Great fun to listen to.

Summer Books – Not All Are Beach Reads

With the help of my friends, I found a list of easy books to capture my attention.

9780062562647  Carol Goodman, one of my favorite Gothic mystery writers, always adds a literary flavor to her stories as she maintains the suspense.  Her latest book – The Other Mother – had me reading through the night.  Daphne Marist and Laurel Hobbes, new mothers suffering from post-partum depression, meet in a support group and become best friends.  As Goodman develops the tale, I wasn’t sure which one had been murdered, if one had assumed the other’s identity, or even if there were really two women.  It’s a gripping page-turner and so much fun to read.

518SwKZGkdL._SX331_BO1,204,203,200_ Joanna Trollope’s modern version of Jane Austen’s Sense and Sensibility is easier to follow if you know the original story, and Janeites may know Austen’s novels well enough to predict exactly what will happen next.  Whether or not you are familiar with the plot (from Austen’s book or the movie with Emma Thomspon), this updated story  will make you want to read to the happy ending of Trollope’s version.

contentAfter avoiding her books for so long, I finally read the first in Louise Penny’s Chief Inspector Armand Gamache novels – Still Life.  I enjoyed it more than I had expected. In Still Life, Penny establishes the setting in Three Pines. Her description of this fictional town near Montreal made me want to book a flight to find it.  Gamache is introduced as the brilliant investigator who speaks fluent French as well as Cambridge educated English, and he starts each investigation with a croissant and a coffee – a civilized approach to murder.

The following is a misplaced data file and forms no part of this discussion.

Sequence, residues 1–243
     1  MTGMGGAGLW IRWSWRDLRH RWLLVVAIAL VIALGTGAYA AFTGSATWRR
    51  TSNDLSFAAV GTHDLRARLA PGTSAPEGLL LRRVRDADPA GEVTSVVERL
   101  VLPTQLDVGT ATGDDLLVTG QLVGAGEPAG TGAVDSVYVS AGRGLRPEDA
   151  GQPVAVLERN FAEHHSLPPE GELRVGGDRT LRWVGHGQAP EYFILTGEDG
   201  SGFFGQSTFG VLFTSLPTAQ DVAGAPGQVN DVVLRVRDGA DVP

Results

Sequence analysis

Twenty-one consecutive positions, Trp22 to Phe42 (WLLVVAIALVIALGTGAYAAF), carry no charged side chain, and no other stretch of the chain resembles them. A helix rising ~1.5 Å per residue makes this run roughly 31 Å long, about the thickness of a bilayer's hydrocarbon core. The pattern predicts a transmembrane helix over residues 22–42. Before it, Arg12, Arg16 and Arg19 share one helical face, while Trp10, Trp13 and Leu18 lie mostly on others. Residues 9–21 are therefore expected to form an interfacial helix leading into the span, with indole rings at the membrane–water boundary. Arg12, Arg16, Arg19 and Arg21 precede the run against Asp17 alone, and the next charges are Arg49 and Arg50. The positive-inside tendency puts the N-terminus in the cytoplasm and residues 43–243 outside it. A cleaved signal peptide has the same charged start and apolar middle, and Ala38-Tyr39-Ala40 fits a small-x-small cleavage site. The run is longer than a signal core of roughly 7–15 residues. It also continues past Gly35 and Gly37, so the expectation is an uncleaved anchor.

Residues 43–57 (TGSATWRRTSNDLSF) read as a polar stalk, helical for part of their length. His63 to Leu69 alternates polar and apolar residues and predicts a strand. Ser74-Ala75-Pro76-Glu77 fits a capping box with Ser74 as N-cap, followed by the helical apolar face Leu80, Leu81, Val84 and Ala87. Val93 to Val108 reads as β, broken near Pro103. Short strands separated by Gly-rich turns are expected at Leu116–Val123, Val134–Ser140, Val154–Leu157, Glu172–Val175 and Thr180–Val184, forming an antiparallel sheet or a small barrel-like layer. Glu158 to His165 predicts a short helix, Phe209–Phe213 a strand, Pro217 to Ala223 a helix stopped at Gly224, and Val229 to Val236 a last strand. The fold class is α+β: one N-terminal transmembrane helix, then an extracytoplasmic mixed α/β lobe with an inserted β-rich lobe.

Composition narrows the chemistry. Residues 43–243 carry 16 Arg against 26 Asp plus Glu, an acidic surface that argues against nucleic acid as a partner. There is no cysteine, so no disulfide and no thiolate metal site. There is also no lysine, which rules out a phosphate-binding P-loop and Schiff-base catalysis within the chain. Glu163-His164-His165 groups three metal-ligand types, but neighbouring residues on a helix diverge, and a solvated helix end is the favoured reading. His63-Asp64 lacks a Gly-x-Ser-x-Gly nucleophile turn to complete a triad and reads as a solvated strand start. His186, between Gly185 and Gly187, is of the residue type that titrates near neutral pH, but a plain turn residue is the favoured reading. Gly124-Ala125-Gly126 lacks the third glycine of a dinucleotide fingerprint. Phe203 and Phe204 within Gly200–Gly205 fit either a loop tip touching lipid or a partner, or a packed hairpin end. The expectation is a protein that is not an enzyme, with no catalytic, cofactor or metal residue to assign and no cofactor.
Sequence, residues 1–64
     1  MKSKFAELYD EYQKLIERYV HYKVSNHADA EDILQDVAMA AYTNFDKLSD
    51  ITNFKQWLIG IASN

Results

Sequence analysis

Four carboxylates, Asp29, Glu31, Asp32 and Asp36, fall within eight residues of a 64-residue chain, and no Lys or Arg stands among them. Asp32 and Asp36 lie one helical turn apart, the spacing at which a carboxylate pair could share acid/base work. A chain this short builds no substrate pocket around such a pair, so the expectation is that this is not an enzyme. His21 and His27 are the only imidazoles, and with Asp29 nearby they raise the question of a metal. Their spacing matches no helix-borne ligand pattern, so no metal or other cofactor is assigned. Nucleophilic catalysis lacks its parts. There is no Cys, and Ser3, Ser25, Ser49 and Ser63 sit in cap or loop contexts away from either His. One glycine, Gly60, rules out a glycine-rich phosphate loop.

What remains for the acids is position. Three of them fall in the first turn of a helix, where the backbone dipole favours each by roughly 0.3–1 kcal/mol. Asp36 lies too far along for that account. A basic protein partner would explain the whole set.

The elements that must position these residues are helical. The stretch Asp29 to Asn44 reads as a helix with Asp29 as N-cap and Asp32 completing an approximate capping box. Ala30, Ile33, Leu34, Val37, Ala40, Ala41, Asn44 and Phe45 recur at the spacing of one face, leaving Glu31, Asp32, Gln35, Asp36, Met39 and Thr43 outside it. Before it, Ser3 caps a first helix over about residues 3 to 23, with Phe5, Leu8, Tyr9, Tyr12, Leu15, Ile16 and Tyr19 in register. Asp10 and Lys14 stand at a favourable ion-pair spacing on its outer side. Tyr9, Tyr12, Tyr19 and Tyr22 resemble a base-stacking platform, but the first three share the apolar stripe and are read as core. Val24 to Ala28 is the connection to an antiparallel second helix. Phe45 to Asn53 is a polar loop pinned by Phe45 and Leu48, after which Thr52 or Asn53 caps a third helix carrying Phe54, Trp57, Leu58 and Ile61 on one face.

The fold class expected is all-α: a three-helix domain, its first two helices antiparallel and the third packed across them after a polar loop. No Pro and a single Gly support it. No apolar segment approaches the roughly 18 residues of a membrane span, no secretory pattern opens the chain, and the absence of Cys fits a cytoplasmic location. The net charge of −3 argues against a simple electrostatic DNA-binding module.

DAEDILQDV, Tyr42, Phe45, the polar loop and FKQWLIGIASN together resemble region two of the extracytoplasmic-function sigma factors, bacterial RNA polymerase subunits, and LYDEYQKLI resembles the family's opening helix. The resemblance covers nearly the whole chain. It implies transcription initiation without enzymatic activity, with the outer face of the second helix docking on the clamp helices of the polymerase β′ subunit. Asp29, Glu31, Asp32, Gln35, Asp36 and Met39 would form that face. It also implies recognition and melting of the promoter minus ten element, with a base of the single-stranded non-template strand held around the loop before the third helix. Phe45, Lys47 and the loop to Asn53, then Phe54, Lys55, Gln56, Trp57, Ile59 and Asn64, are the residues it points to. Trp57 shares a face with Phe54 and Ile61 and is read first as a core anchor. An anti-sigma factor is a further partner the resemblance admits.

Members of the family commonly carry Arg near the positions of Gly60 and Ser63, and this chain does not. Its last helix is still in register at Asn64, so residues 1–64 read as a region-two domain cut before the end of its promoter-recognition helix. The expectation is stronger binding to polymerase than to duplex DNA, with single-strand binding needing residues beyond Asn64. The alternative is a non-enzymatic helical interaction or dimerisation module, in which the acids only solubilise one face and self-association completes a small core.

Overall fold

Next on my agenda are two easy reads: a paperback I found buried in my stash – To Capture What We Cannot Keep – a nineteenth century romance by Scottish writer Beatrice Colin – set in the shadow of the Eiffel Tower construction; and Mary Alice Munroe’s beach read – appropriately titled Beach House Reunion.

Waiting in the wings:

  1. William Trevor’s Last Stories
  2. Frances Mayes’ Women in Sunight
  3. Madeleine Miller’s Circe

A great start to the summer…

A Prescription for Comfort Books

When an Advil at breakfast no longer seemed like such a good idea to my stomach and wasn’t doing a whole lot for my aching back anyway,  focusing on reading a book was hard – but I wanted the distraction so badly.  YA books came to the rescue – from unlikely sources.

UnknownBuried in a pile of old Scholastic books, I found an Alice Hoffman story about a mermaid – Aquamarine.  Hoffman is one of my favorite writers for magical realism; I’ve read most of her books for adults and eagerly anticipate her next one.  Aquamarine is a short tale, not requiring a lot of time or attention; it flows easily into a story about two friends about to be separated at the end of the summer.  Aquamarine is a real mermaid, of course, accidentally trapped in a swimming pool after a storm.